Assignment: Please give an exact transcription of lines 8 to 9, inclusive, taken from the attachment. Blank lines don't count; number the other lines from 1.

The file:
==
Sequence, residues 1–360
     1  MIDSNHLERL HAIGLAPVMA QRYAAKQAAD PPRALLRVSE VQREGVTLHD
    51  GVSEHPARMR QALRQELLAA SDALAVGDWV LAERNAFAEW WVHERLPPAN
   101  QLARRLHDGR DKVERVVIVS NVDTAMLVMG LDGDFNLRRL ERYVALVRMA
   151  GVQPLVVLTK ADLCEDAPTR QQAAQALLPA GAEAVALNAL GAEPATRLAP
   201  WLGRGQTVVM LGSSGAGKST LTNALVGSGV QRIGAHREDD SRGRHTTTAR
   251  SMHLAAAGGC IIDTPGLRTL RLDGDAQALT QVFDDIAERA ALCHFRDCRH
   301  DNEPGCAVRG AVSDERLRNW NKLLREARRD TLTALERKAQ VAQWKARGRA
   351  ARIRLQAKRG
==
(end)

   301  DNEPGCAVRG AVSDERLRNW NKLLREARRD TLTALERKAQ VAQWKARGRA
   351  ARIRLQAKRG